“The first rule of any technology used in a business is that automation applied to an efficient operation will magnify the efficiency. The second is that automation applied to an inefficient operation will magnify the inefficiency.”- Bill Gates

As technology advances and improves, new tools are developed that can be used to change procedures and operations. In the medical field, robotics arms have helped in surgery to reduce incision sizes and precision in routine operations. In factory production, automation has reduced the number of manual steps and increased accuracy in repeated operations. In process safety, smart elements for safety systems allow for self-diagnostics to determine when a failure is detected before it fails in practice. The advances in the tech industry have led to a new tool on the horizon that may find a place in process safety: drone technology.

Here, Spot!

Drones have existed on the hobbyist scene for years now, and between uses in entertainment and sciences, the equipment has become rugged and reliable. There are many types and variations of drone technology, but some of the more common forms are remote-controlled/autonomous aircraft, those used for inventory in grocery stores, and those used to deliver on college campuses or in some cities. The software on these devices has become more sophisticated, to the point where certain companies have been able to install sensors to accomplish inspection and monitoring tasks. Certain companies have started to use drones to provide visual inspections of equipment that are inconvenient or dangerous for a person to validate. Hyundai Motor Co. piloted a robot based on Boston Dynamics quadruped robot to perform routine inspections and detect risks to people’s safety in 2021. While the robot has not been used in the US and in more hazardous environments, it does not take much imagination to see the potential of a drone that can monitor remote areas where operator rounds may lack the ability to do so.

From Recreation to Industry

Since robots and drones like Boston Dynamics hit the scene, they have accomplished more than fancy demos for public relations teams. In the intervening years, more companies have started to invest in where drones can aid in industry safety. Flying drones, particularly in open-air facilities could monitor and inspect equipment during standard operations, meaning data could be collected with minimal downtime. With calibrated instruments installed, these drones can serve in more capacities than visual inspection. Installing anything from an infrared camera to a decibel meter could increase the versatility of the equipment. This could prove useful in examining confined spaces or determining the degradation of vessels.

The Safety Lifecycle has many steps where autonomous or remote-controlled robots can be used as a tool. A drone could help with surveys, facility siting, and area inspections, which all can take place during Site Acceptance Testing. They can be used to collect data for the inspection equipment or changes to the process during a Pre-Startup Safety Review (PSSR) or Management of Change (MoC). They can aid during operator rounds or inspections in areas of the facility that are normally unoccupied and remote. In general, drones can provide useful services as tools to improve process safety and the general operation of a plant, but there may be some disadvantages that should be considered for the investment.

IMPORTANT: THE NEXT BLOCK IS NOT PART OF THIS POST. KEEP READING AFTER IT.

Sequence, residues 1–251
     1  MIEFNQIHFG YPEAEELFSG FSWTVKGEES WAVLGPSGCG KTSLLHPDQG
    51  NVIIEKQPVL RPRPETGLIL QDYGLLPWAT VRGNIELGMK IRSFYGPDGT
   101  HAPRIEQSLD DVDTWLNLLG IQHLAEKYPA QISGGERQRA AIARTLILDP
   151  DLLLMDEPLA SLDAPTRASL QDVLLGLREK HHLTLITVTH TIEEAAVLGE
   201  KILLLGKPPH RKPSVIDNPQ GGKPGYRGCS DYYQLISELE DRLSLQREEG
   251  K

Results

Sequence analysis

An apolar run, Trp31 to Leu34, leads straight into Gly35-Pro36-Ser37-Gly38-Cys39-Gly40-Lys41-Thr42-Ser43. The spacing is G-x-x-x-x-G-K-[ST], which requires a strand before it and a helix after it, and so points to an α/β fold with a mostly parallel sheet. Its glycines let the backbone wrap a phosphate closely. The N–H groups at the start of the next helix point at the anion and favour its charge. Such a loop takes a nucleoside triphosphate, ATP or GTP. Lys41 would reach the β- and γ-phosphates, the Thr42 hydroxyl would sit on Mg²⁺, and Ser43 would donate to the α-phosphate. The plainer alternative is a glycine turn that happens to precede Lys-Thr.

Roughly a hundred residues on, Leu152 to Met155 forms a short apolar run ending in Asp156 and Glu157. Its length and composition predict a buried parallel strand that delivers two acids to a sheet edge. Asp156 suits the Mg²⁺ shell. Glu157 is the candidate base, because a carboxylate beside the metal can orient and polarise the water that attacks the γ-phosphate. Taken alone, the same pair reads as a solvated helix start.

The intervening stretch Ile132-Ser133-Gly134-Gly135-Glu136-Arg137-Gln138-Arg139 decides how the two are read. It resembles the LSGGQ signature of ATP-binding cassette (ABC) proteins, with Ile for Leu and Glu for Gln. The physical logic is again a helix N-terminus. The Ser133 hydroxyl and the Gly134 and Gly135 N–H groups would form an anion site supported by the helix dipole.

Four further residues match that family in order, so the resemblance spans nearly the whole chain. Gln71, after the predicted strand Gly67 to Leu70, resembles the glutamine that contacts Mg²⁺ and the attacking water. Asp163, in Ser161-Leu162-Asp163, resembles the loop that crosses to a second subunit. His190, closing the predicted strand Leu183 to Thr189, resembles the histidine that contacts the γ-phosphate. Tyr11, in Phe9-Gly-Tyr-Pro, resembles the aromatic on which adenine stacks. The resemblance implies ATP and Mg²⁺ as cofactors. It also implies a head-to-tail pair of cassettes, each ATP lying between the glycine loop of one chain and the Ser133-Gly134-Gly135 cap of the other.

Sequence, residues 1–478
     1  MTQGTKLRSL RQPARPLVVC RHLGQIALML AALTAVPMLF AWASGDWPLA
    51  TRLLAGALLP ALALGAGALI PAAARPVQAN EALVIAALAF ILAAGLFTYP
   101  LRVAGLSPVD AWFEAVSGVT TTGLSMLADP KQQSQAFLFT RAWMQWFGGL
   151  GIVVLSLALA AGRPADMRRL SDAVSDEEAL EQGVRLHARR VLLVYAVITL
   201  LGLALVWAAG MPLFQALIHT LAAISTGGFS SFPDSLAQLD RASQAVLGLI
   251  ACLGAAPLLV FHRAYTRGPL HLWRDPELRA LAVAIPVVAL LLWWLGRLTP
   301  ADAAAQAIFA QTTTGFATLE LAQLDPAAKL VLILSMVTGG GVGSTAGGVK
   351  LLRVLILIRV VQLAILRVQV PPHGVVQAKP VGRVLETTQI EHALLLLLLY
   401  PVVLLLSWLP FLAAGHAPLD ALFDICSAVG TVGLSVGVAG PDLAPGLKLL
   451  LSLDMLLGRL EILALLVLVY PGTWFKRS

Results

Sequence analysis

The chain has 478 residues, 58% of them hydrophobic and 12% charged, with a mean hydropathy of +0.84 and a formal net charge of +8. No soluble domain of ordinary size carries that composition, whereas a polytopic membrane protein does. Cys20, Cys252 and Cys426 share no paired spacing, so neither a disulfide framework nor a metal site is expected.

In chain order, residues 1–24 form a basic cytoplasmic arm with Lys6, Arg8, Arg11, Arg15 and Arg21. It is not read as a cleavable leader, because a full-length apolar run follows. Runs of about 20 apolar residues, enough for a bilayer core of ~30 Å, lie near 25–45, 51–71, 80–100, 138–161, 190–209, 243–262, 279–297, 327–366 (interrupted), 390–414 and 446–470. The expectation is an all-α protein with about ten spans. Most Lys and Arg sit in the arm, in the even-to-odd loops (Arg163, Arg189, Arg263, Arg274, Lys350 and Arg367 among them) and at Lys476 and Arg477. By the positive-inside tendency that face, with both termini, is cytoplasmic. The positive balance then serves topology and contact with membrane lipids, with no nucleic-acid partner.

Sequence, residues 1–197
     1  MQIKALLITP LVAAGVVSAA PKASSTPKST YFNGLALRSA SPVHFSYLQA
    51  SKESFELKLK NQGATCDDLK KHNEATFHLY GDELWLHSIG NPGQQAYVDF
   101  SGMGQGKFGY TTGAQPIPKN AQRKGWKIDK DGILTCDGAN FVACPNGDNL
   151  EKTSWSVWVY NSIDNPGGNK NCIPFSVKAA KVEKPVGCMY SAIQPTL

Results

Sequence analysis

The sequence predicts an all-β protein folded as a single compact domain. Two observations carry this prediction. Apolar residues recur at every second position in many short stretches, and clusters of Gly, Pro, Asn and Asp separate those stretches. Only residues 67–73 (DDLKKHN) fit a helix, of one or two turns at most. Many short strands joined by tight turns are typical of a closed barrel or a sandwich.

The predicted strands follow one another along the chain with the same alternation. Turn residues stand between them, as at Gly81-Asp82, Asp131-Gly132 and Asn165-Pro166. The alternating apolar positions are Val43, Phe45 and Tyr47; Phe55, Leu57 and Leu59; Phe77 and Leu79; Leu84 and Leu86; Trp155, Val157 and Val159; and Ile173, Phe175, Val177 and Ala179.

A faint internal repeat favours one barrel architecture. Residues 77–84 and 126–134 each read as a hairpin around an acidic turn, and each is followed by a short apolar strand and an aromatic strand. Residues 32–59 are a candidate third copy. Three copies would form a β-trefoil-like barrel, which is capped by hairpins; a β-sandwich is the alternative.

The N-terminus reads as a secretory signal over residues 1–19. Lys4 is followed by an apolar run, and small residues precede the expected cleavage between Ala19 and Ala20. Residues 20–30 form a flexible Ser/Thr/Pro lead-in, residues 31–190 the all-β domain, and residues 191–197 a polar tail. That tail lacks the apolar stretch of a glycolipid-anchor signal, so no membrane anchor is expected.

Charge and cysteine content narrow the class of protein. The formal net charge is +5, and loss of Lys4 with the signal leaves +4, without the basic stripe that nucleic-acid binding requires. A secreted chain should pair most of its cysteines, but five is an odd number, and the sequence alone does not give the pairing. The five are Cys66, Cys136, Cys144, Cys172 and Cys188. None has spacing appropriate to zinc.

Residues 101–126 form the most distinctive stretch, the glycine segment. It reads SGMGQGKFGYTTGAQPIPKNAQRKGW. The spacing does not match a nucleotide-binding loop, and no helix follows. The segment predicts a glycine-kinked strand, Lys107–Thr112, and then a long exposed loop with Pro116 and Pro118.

Photo credit: StockSnap via Pixabay

Robots Have Their Bad Days

Drones require an additional setup that an operator may not. Autonomous models especially will need to have some sort of map or floorplan uploaded into their software to move safely across a site. While OSHA requires training of operators for the phases of a plant’s life, there would be additional training required for those who may operate or work alongside their electronic coworkers. Drones need power sources or dedicated places to charge between uses, meaning there must be a spot where the tool can be stored when not in use. Additional work may be required if the drone is expected to integrate with the facility’s current notification systems. These issues and more require consideration before purchasing what can be an expensive piece of equipment.

While we are far off from seeing drones as a process safety tool, it can be sooner than you think. Advances in technology are happening all the time to make industries safer and more consistent. Drones and other autonomous technologies can be a new and strong tool in an engineer’s or plant manager’s tool belt. Perhaps the future will have operators running drones from the control room to perform rounds or using autonomous robots to control small spills and pool fires. Determining their efficacy in process safety will happen like other tools have been determined: through experimental testing and industry experience. Whether drones become a mainstay in plant operations, only time can tell.